How do voters feel about 'Commander'?
The monitor threw a political party - made up of four men and three women - to see if America is ready for a woman to sit in the Oval Office.
SHERMAN OAKS, CALIF. — Is America ready for a female president? Network television seems to think so. On Tuesday ABC aired the première of "Commander in Chief," a drama in which Geena Davis plays a politician who finds herself leading the country after the sudden death of the president. More than 16 million viewers tuned in.
The Monitor threw a political party to find out how some viewers responded to a show premised on the idea of a woman in the Oval office - especially since a certain New York senator is widely expected to run in the 2008 presidential race. After gathering four men and three women to watch the pilot episode, it was immediately evident that the vote was split along gender lines: The women gave the show the benefit of the doubt, the men did not.
"I loved the writing," says Kristi MacLean, an advertising executive and single mom. "That's how I imagine it would all be," she says. "I wanted to stand and applaud at the end," adds Cindy Wexler, head of a video-equipment firm. "I liked it," says Brooke Barton, a child psychiatrist, who adds that she might even watch the show despite the fact that she rarely watches any TV at all.
The male counterpunch ranged from begrudging to brutal. Graphic designer Scott Miller, whose father was a career naval officer, said he will watch at least once, but he'll be on the lookout for attention to detail.
"I don't like shows that play with the facts," he says, pointing as an example to the main character's meager credentials, namely four years in Congress followed by a career as a university chancellor. "The likelihood of her being nominated in real life is pretty much zero," he says.
All four men used the word "silly," but only one categorically ruled out any possibility of watching the show. "I wouldn't watch it on a bet," says computer consultant Jeff Daniels. Although Mr. Daniels believes the world would benefit from an infusion of feminine values such as patience and compassion, he says the show's treatment of its topic is superficial. "Frankly, I find the whole show insulting to the office of the president," he concludes.
One consensus, however, did emerge. The group agreed that TV shows such as this one can influence public opinion.
"The writing clearly reflects historic biases about women and power," says Tom Drucker, a management consultant. "If it runs any length at all, I'm sure it will provoke conversations," he says. Therapist Bill Stierle says it can be useful. "I feel good about anything that starts challenging limiting beliefs," he says, but adds that he's concerned the writers might spend too much time on the comic aspects of the first husband who, in the first episode, finds himself relegated to the East Wing despite having served as vice-presidential chief of staff. "I don't really want to spend much time in the kitchen with him trying to make decisions."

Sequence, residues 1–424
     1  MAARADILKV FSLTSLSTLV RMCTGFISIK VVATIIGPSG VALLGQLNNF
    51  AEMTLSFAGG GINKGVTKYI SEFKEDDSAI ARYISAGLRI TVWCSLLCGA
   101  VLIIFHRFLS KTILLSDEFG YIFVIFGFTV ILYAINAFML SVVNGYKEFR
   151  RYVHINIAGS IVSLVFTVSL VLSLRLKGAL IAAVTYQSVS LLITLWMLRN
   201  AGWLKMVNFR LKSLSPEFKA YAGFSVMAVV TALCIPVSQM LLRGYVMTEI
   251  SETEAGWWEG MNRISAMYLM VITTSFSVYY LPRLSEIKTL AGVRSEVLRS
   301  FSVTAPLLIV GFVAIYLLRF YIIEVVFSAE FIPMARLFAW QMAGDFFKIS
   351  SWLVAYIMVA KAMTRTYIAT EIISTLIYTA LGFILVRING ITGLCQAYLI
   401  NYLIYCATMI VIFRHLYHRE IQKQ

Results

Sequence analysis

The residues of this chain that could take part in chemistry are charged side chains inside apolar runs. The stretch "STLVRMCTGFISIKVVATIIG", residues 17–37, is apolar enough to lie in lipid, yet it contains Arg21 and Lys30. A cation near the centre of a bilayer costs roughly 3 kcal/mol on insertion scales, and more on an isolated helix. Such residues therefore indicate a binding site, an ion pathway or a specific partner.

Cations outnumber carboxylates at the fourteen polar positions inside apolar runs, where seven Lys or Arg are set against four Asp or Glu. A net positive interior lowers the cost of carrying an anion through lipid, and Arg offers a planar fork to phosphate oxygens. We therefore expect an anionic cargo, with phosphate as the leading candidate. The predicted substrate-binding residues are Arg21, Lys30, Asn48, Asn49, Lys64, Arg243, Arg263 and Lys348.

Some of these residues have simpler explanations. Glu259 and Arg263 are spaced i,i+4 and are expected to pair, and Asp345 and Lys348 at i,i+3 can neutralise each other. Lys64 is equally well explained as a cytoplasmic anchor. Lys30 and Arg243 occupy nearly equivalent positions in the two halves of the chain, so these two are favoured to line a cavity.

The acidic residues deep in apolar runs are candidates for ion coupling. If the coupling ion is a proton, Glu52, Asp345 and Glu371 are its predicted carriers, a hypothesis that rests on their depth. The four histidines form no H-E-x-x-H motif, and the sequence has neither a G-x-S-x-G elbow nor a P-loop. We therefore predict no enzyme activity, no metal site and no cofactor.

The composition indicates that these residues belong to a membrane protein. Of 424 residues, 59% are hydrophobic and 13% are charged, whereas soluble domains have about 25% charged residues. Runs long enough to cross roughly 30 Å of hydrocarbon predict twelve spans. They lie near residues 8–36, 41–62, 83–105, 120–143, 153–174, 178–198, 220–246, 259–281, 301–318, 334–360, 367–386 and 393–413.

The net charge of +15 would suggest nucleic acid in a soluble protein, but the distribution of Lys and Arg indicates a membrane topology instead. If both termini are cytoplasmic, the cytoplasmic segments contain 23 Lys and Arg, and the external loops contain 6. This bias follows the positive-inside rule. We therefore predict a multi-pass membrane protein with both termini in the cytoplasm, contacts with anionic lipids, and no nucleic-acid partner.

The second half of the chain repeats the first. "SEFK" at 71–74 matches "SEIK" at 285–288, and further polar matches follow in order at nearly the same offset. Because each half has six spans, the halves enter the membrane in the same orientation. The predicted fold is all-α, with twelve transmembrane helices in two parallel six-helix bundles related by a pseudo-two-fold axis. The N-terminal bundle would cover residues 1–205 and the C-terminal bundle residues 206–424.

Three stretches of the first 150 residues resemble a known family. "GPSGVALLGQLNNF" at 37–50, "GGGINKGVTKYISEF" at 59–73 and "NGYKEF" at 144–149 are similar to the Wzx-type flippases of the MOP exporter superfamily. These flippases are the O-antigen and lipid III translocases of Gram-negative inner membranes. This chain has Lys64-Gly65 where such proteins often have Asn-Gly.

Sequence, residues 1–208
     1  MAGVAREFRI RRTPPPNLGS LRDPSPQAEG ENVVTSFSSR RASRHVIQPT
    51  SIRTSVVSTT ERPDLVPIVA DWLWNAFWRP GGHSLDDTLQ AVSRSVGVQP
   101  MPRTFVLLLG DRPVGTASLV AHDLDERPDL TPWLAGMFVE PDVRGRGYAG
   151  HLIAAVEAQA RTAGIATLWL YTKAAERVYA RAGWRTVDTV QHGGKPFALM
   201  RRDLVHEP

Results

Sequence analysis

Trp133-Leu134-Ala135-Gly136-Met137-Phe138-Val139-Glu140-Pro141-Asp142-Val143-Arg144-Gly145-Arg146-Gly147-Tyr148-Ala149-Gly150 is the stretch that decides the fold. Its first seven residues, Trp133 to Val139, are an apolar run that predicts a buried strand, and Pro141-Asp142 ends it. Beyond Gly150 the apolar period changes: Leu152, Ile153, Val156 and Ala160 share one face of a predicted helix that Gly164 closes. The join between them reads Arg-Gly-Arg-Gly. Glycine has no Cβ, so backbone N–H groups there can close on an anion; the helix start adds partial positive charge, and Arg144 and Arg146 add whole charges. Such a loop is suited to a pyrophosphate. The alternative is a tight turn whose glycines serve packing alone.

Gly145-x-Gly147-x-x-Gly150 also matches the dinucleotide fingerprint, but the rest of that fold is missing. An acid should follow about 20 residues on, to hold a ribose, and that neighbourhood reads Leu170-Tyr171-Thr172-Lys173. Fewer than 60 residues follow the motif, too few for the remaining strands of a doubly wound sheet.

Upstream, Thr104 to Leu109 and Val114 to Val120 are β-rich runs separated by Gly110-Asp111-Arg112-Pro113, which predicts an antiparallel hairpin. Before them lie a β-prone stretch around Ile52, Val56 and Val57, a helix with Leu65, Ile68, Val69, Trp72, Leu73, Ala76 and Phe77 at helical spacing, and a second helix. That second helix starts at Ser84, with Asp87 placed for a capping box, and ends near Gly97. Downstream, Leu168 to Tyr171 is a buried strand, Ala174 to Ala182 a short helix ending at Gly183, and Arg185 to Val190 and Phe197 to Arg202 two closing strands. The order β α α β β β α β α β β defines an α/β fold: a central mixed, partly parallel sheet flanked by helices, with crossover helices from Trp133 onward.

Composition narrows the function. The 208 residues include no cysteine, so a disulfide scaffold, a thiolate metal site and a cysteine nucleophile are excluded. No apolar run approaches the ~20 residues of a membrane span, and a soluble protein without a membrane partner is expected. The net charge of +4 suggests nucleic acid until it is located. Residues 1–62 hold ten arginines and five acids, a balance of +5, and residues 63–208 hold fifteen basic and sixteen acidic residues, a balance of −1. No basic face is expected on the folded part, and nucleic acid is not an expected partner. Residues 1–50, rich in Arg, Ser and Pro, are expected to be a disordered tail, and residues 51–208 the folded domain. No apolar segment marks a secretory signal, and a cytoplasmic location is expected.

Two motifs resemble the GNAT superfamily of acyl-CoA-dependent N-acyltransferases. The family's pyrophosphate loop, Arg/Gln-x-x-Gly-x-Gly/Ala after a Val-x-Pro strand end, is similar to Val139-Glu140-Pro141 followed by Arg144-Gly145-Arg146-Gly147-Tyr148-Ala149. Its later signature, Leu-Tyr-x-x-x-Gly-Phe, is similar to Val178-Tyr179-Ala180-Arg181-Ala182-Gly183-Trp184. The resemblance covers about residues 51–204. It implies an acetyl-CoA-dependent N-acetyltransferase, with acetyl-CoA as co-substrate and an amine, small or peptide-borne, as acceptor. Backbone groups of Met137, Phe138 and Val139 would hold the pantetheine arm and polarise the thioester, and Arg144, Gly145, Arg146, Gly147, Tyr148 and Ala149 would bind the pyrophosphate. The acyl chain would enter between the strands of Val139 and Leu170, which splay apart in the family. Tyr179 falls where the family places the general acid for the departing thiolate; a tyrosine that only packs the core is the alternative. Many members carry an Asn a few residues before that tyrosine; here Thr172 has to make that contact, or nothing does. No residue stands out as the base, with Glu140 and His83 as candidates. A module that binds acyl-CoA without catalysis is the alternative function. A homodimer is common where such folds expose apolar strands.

Scott, the graphic designer who viewed the show with a skeptical eye, found himself the target for some ribbing from the generally liberal group when he admitted that watching the new president's spouse adjust to his marginalized status "freaked me out a little bit. It would be a hard thing for me to confront, because it's such a new role for a spouse to play in an administration," he says.
"For a man, you mean," says Cindy, eyeing him with surprise. "Well, right," says Scott, "I mean it's been cut for a woman for so long, he'd have to do all these things that First Ladies usually do."
This sends a ripple of laughter among the other men. "I'd be willing to try it out," says Jeff, to which Tom adds, "I don't think it would be hard." Soon, the male group is murmuring about how they would tweak and rearrange the role to suit themselves.
A subplot in the show about whether or not the first daughter would support her mother by attending her speech to Congress appealed to the women but not the men. "A woman thinks more about these things, and it's about time that we have a leader with a more balanced set of issues," says Kristi. "I would expect a woman president to be involved with her children."
Cindy nods in agreement and adds that she plans to watch the show with her two children, a seventh-grade boy and a 10th-grade girl. "My son is taking American government this year," she says. "This will be great, because we can talk about the amendment that puts a vice president in office."
Too much story focus on family issues outside of the Oval Office is a turn off to the male viewers, however. "I'm not interested in a '7th Heaven' in the White House," says Scott, referring to the family show about a minister with seven children.
Tom Drucker takes the argument a step further. "Commander in Chief" has the potential to affect how the culture views a female presidency "if it stays on a strong woman with strong values and principles - more about politics and less about a sullen teen," he says. "Otherwise," he adds, "it could actually do damage by trivializing that important step in our democracy."